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After Court Ruling, Wildlife Advocates Advance Efforts to Protect Wolverines

A federal court ruled that the U.S. Fish and Wildlife Service violated the Endangered Species Act when it decided not to protect the wolverine. (JohnDPorter/iStockphoto)
A federal court ruled that the U.S. Fish and Wildlife Service violated the Endangered Species Act when it decided not to protect the wolverine. (JohnDPorter/iStockphoto)
April 18, 2016

CHEYENNE, Wy. - Conservation groups are doubling down on efforts to protect wolverines after a court ruled that the U.S. Fish and Wildlife Service violated the Endangered Species Act when the agency decided not to protect the famously tough predator.

Managing attorney Tim Preso with Earthjustice says the ruling affirms the original findings by the agency's own scientists that climate change and genetic isolation threaten the species.

"But after a campaign of opposition by affected state governments, the Fish and Wildlife Service backed down and withdrew its proposal to protect the species," says Preso.

U.S. District Court Judge Dana Christensen addressed the political pressure brought by states, including Wyoming, noting the listing decision involved "climate science, and climate science evokes strong reactions."

Unless an appeal is filed, the order means the agency must make a new listing decision. Conservation groups say they'll monitor the agency to make sure wolverines get the protections they need.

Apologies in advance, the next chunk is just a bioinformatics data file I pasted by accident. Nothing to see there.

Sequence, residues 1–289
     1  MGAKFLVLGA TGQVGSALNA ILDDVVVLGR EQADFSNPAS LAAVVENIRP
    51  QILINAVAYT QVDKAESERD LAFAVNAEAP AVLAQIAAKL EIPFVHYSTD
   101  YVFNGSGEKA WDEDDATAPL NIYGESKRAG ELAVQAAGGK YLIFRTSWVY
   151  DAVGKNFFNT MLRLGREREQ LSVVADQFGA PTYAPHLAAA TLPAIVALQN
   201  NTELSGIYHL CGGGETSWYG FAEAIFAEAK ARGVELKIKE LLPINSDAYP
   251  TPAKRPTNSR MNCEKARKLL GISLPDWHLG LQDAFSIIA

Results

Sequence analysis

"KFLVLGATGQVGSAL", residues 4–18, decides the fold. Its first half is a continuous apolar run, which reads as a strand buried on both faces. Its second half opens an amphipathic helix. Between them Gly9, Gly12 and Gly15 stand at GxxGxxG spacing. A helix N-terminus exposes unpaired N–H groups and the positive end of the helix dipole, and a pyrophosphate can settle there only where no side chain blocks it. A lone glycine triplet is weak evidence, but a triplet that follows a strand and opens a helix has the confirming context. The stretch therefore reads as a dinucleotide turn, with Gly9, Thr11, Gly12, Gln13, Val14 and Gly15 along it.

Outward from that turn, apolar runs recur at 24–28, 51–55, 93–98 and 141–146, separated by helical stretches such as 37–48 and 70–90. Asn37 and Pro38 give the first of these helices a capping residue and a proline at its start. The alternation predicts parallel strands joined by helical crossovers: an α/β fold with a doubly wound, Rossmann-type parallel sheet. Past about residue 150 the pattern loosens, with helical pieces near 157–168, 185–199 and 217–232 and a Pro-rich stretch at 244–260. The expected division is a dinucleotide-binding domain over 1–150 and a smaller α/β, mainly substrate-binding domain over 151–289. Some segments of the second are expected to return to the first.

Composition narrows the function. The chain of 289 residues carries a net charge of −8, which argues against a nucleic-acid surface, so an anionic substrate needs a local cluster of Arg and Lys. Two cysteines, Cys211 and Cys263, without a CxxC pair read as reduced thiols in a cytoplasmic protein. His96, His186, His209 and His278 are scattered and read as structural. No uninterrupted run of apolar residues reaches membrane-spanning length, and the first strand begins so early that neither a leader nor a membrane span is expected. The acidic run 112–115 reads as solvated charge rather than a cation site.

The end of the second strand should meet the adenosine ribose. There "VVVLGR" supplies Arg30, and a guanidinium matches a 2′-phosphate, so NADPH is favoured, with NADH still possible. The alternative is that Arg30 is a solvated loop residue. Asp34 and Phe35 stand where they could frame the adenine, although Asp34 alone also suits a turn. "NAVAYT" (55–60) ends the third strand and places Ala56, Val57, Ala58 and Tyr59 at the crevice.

Caroline Byrd, executive director for the Greater Yellowstone Coalition, says after more than a century of trapping and habitat loss, wolverines in the lower 48 have been reduced to small, fragmented populations in a handful of mountain states.

She says wolverines can't reproduce without access to deep and persistent snow fields where mothers build their dens.

"We have those in the Northern Rockies, we have them in the greater Yellowstone, and they will persist on into the future," says Byrd. "But we have fewer of them because of climate change, because of our warming climate."

Byrd praised the court's decision and says the increasingly rare and elusive animal represents the wildness that is still alive today in Greater Yellowstone.

Only 300 or so wolverines are left in the Northern Rockies and North Cascades.

Eric Galatas, Public News Service - WY